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10 Minutes with Juan Rodriguez, P.E.

In his 20 years as an engineer, Juan Rodriguez has done it all. He’s been a project manager on solar and wind projects, and his experience ranges from procurement to field work. It’s no wonder he writes about worksite practices, safety, and technology for About.com.

ARC Document Solutions spoke with Rodriguez recently about trends in construction, new technology, BIM, drones and other topics.

ARC: How often is state of the art technology being used for estimating in the industry?

JR: Most of the larger contractors (with annual revenues of $50 million and up) are using state of the art estimating software. At least half of the smaller contractors are doing the same. It’s important to have a specialized team of estimators—workers who know how the logistics work.

That’s something that the specialized software itself will not get you: a good team backing you up, using historical data, trends, and technology.

ARC: How fast is BIM use trending upward?

JR: Right now there’s a huge trend. About 70 percent of the industry has at least shown interest in using BIM. In projects where there are large buildings, like in residential, that’s when BIM really has the value—partly because you can sequence construction activities. You can also show the owners, ahead of time, what the final project will look like. It’s an emerging trend. Many contractors lately have been required to use BIM for certain projects.

ARC: Is drone technology use also growing?

JR: Yes, because it’s a great tool for providing inspections of areas that are hard for a person to view—like under beams on a large bridge over water. Drones are being used for preventative maintenance; for example, instead of having a barge with employees on it or employees in a helicopter inspecting an area doing a damage assessment after a storm, you use a drone. Companies are owning the drone systems themselves because they’re so easy to use. Some are also using drones for surveying.

ARC: How much longer will some companies be able to get away with using old technology to handle tasks that newer technology handles well?

JR: It’s only a matter of time—in less than five years, everything will be virtual. The change is being driven by stakeholders. The industry is evolving toward virtual reality.

ARC: Does all of the project management software available to companies help their workers think and work smarter?

JR: The software is a guide that you can use. As long as you have the right employee using it, it can be helpful; otherwise, it’s useless.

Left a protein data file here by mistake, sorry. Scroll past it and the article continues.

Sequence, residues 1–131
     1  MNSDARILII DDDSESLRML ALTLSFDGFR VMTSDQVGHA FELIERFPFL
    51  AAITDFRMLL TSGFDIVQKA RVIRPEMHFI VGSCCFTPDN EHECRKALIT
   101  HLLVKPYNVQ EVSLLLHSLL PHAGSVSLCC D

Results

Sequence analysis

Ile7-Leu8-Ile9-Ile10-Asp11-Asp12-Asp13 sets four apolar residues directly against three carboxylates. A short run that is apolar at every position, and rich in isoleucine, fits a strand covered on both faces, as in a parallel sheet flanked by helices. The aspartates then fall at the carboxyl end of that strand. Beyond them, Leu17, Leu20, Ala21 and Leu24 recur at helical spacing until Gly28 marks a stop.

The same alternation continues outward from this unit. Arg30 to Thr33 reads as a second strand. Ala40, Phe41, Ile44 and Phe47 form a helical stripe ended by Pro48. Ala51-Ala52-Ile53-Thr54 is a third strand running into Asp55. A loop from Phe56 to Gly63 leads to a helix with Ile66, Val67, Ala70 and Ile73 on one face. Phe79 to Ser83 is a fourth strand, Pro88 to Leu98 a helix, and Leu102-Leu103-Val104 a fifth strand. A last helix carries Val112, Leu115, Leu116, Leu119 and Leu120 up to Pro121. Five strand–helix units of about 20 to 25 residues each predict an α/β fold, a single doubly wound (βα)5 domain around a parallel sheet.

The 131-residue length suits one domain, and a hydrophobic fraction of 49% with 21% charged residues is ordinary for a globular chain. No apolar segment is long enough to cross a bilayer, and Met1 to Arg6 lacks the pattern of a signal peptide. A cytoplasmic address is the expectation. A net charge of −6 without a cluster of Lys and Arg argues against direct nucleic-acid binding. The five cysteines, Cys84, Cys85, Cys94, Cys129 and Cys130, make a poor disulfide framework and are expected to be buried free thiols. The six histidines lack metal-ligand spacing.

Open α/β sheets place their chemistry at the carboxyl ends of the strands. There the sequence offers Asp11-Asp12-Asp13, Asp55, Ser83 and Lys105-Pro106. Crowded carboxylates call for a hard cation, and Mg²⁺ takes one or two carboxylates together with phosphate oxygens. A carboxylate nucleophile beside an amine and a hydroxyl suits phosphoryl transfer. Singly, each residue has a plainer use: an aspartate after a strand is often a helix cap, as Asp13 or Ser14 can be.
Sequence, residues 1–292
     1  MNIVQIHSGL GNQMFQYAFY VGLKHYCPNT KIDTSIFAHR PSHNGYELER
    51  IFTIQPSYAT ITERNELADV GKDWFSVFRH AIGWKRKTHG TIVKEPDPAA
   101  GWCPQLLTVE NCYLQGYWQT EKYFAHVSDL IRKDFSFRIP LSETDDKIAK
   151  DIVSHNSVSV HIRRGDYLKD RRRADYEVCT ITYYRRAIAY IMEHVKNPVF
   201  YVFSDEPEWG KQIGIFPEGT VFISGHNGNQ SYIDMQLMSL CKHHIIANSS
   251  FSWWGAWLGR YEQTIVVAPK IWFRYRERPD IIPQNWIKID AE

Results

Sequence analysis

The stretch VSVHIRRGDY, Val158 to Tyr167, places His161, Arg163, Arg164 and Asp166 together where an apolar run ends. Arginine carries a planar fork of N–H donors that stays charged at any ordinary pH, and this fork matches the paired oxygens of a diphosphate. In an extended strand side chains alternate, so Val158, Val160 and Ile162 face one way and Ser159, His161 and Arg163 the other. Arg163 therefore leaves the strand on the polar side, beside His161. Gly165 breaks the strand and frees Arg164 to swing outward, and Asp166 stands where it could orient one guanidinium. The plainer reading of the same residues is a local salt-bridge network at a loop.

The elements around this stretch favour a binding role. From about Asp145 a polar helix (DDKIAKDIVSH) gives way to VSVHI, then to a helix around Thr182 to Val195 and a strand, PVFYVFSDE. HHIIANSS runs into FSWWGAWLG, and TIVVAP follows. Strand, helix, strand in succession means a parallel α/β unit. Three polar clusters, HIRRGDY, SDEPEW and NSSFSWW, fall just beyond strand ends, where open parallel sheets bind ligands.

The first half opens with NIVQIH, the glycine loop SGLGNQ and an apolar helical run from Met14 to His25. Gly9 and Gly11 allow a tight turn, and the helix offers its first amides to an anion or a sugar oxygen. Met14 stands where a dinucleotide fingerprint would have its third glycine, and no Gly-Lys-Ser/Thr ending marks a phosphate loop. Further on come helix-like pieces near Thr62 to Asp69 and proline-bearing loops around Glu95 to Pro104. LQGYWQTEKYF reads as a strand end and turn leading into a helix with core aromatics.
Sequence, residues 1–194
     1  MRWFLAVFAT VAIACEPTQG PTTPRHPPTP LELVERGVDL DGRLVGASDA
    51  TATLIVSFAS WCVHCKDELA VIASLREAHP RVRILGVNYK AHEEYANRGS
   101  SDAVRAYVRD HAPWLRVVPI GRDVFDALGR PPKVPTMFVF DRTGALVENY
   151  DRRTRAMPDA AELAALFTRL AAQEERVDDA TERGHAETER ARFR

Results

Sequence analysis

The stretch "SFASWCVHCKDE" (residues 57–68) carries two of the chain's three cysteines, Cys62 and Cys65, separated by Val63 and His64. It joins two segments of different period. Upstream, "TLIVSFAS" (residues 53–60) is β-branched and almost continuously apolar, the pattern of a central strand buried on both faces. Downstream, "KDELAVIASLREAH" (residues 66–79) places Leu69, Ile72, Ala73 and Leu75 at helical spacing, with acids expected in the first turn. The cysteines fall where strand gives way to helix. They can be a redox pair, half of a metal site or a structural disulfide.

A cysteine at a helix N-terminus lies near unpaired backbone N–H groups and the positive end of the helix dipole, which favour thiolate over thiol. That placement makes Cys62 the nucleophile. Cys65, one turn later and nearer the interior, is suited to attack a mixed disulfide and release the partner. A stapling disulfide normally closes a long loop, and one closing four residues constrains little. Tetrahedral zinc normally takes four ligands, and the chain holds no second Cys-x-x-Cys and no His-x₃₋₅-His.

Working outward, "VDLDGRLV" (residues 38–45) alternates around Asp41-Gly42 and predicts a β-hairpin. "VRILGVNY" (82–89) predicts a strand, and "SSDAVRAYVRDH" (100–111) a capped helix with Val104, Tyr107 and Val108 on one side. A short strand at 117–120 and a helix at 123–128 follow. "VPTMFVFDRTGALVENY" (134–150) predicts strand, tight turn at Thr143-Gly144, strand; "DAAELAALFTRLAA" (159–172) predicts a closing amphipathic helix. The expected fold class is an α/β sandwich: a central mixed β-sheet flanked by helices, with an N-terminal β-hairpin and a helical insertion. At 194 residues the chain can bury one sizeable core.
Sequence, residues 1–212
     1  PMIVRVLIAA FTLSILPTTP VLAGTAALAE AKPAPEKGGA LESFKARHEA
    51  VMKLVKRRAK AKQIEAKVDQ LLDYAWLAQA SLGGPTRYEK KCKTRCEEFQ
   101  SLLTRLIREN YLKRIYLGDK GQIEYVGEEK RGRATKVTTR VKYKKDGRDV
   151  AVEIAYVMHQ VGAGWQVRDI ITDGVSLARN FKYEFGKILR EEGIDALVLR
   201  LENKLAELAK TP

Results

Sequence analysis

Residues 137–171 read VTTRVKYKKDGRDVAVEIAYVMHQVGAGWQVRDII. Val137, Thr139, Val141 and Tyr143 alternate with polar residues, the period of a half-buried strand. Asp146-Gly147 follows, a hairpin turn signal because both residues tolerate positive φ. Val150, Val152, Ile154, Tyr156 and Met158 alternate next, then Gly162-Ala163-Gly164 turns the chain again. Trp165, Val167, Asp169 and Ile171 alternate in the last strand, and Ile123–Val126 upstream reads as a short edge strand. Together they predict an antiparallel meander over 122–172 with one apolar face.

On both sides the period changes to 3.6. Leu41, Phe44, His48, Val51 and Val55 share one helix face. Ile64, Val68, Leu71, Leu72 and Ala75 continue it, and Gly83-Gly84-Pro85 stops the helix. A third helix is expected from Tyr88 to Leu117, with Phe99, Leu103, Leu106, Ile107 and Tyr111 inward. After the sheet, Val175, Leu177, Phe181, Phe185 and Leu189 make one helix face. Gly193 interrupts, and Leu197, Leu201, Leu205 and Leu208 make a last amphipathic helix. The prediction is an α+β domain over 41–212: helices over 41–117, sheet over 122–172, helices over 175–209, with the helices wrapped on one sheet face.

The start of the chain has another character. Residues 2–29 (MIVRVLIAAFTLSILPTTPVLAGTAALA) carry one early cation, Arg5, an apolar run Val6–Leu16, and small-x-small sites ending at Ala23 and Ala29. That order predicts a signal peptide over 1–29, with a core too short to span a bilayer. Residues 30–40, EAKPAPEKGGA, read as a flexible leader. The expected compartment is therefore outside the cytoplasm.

ARC: Have owners’ expectations of contractors’ performance been raised by the widely available technology?

JR: The tolerance for re-work and errors is now lower because there are tools that help you avoid these issues.

ARC: Are more owners expecting to be able to do virtual walk-throughs of their projects, even before they’ve awarded bids to contractors?

JR: Yes. Every day more and more stakeholders are asking contractors to show them how the project will look when it’s built. The new trend is 3D printing. Some firms are interested in using 3D printing so they can see exactly how everything will be put together.

ARC: Are contractors becoming more tech savvy?

JR: They are becoming more tech savvy. You can see that even in the workforce. Companies are looking for employees who can use this technology, and older employees are looking to catch up with those technologies and stay caught up.

ARC: When will companies move from 3D BIM to 4D?

JR: It’s already happening. Some are still working in 3D. In the near future, we’ll be moving all the way to 5D.

ARC: Do you think project management apps are becoming more user-friendly and easier to use?

JR: That’s right. Now, you can see guys at the site using iPads and tablets, taking photos for issues. Every day, daily reports are being done with these devices. Some of these [software] tools will tell you when things need to be addressed.

ARC: Are more companies using hyperlinking to improve workflows and to update legacy construction documents?

JR: Yes, they are using options in the cloud to send updates. It’s because the cloud allows the information to be easily shared, and it offers savings through less paper use.

ARC: Are non-native English speakers being empowered on the jobsite by using construction apps?

JR: There are some really good apps out there, but they are not available in different languages. Those apps are being used by different trades to point out issues for progress reports. Some of the new apps are bilingual, allowing you to switch from English to Spanish.

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